On April 1st 2010 I arrived in Kiev to begin my 27-month service as a US Peace Corps volunteer. Eager to learn about the culture of my new home, I dove right in, starting with the food and the booze. Their importance in Ukrainian culture is unparalleled.
Meat jello feast

It’s the first night in my temporary Ukrainian home and my host mother, Tanya, has prepared a feast to welcome me. Rye and white bread with horseradish spread; a salad of cucumber, onion, and radish; hard-boiled eggs; beans with ragu sauce; sausage, salami, and salo; a whole chicken and traditional holodets – meat jello – which I eat with the bread so as not to activate my gag reflex.

When offered food in Ukraine, you eat until what’s in front of you is finished. Nearly two hours after I begin, with Tanya watching over me the entire time, I finish my dinner, washing it all down with her homemade apricot compote. I thank her, and she tells me she’ll cook more next time – that she didn’t know I’d be so hungry.

Mystery meat and moonshine

It’s a two-hour bus ride from my home in Artemovsk and then a 40-minute walk to Alla’s father’s village. I’d met Alla months earlier while living in a suburb of Kiev. Her six-year-old daughter Liza shows me around. We walk past rabbit huts, a chicken coop, a large garden with tall green corn stalks and sunflowers, and then she leads me to a steel drum where a large rodent – an all-white nutria with an orange overbite – is frantically trying to escape.

Alla didn’t mention we’d be swimming in a nearby lake, so I wear my blue Hanes boxer briefs into the water. We drink Ukrainian beer and eat smetana-flavored sukhariki (crouton-like snacks) on the grass below a sweltering sun. Alla’s pregnant sister smokes half a pack of Chesterfield lights.

Back at the house that evening I help Alla’s father, Viktor, skin and butcher a rabbit by hanging its feet from the clothesline. At dinner Viktor tells me he has a couple of surprises.
“First,” he says, “my samigon!” Samigon is like Ukrainian moonshine. Unless infused with something – I once had a bottle infused with walnuts – the smell and taste resembles rubbing alcohol. He pours a shot for each of us, and we drink a toast to new acquaintances.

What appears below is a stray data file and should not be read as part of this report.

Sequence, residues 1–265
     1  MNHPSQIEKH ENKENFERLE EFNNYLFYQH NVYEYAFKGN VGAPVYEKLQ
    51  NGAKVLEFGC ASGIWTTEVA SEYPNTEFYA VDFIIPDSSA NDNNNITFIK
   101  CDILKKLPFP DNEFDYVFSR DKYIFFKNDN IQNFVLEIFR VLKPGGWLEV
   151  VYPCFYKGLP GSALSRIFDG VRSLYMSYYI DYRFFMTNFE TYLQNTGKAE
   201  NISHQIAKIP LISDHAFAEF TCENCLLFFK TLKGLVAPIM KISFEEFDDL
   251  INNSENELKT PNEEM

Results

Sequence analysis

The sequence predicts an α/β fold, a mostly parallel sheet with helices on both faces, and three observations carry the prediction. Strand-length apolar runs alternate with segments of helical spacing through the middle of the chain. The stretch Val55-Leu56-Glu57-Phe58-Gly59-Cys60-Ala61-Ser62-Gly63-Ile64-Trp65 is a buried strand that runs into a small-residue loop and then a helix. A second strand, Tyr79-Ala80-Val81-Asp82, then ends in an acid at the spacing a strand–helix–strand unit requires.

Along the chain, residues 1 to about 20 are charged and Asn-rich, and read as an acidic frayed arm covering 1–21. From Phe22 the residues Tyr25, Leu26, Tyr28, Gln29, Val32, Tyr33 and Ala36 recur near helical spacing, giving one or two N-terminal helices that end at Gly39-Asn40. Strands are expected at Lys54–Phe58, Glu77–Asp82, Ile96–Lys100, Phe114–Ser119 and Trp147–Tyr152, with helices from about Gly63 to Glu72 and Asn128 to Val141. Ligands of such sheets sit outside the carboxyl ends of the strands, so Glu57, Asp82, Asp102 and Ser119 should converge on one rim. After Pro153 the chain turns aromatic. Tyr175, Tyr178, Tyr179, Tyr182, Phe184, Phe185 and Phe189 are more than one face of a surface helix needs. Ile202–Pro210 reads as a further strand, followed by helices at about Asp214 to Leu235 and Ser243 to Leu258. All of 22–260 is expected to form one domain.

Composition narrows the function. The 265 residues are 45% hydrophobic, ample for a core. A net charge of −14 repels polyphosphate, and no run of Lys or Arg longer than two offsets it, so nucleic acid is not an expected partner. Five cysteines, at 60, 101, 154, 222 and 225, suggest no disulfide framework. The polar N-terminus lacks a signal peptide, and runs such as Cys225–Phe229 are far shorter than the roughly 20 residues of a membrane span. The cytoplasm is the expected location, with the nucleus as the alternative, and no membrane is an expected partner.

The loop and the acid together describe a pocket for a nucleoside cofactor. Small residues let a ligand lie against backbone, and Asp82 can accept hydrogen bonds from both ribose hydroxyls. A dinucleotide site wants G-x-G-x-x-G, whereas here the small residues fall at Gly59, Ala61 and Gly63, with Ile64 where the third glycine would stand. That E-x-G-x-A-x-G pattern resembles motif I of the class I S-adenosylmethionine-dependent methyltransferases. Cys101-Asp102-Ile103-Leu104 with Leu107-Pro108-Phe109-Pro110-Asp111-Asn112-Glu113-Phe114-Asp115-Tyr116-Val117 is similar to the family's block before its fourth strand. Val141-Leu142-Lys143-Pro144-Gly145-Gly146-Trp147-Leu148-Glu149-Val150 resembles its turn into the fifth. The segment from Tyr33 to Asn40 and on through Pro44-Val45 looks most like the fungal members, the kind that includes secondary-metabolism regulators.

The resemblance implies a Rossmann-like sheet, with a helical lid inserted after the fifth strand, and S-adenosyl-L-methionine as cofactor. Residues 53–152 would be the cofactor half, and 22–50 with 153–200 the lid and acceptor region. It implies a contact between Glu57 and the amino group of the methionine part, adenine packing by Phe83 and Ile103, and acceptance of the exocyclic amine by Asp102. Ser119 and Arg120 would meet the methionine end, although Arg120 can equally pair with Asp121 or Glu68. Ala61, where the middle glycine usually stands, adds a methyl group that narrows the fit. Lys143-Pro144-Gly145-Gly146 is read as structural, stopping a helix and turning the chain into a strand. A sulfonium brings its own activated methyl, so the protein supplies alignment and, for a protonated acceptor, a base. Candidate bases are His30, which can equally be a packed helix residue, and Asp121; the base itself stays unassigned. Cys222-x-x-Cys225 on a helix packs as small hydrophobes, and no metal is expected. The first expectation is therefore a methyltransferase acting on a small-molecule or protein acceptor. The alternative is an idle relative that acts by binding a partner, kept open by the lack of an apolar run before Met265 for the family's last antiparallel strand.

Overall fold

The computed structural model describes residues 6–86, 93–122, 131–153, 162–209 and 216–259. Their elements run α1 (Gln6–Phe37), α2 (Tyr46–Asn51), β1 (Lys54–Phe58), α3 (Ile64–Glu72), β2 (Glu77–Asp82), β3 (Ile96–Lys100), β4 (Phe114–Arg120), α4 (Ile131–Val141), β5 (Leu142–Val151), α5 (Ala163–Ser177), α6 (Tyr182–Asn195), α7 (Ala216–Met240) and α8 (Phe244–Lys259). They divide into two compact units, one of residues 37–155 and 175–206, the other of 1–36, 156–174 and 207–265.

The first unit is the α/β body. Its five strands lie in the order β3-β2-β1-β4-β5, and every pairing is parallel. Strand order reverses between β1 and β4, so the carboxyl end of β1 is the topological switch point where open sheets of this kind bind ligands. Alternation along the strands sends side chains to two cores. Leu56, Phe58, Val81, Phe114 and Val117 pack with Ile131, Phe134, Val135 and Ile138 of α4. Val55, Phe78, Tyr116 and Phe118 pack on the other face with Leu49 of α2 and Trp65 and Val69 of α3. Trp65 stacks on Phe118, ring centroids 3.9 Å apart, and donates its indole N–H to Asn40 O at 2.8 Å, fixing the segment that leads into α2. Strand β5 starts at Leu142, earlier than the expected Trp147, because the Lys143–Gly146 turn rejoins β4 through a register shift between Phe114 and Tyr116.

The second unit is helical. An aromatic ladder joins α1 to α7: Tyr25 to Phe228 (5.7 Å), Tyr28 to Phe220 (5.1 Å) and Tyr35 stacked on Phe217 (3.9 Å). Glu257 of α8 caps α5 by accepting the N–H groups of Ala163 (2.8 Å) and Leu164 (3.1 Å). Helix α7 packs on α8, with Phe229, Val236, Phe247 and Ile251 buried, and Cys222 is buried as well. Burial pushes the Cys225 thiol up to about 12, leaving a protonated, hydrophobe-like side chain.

“And now, something else,” Viktor says, reaching across the table. He plucks a piece of meat from a plate with his fork and drops it onto mine. Alla is furrowing her brows and shaking her head at him, and I’m not sure why. Viktor ignores her.

With all eyes on me, I cut a piece of the barbecued meat and put it in my mouth. It’s stringy, and tastes a bit gamey.
“Tasty rat, huh?” Viktor says.
“Rat?” I recognize the word because it’s said just like my name, but with an “a” at the end.
“Yes,” he says, using the middle and index finger of his right hand to simulate two large teeth, making a lapping sound like Hannibal Lecter. “Nutria.”

Toasting the buterbrod

I’ve come to the baby hospital in an official capacity, as translator for two American women who’ve adopted children from Artemovsk and would like to meet the doctor that delivered them. Today is the doc’s birthday, so I’ve brought her flowers and chocolate.

The doc’s set up a light lunch of buterbrod – Ukraine’s sandwich equivalent, the difference being no slice of bread on top – with sausage, cheese, green onions, tomatoes, and cucumbers. We eat and drink cognac together in her office while discussing the women’s adopted children. She tells us about delivering two babies not long before we’d arrived.

Over the course of an hour we each drink six toasts. To The Birthday! To New Acquaintances! To Friendship! To Love! To Women! To Our Health! The doctor then glances at her watch, thanks us for our company, and excuses herself. I’ve drunk six shots of cognac, we’ve all drunk six shots of cognac, and it takes me a moment to understand what she says to us – “More babies to deliver today.”

White Russians with white Ukrainians

It’s a particularly cold January night in Artemovsk. Glancing outside I can see the smoke billowing upward from village chimneys, the light of the moon reflecting off the icy streets. Few dare to walk outside past sunset. But having been cooped up all week, I agree to meet my friend Igor for a beer at a nearby café. Our pal Anton is joining us. It’s been a while since we’ve seen each other, and we have lots of catching up to do.

One beer begets another, which begets another, which begets an idea. Anton says to me, “What do you think about buying some booze here and going back to your place?”
I turn to Igor, who grins and shrugs. I ask Anton what he thinks we should drink.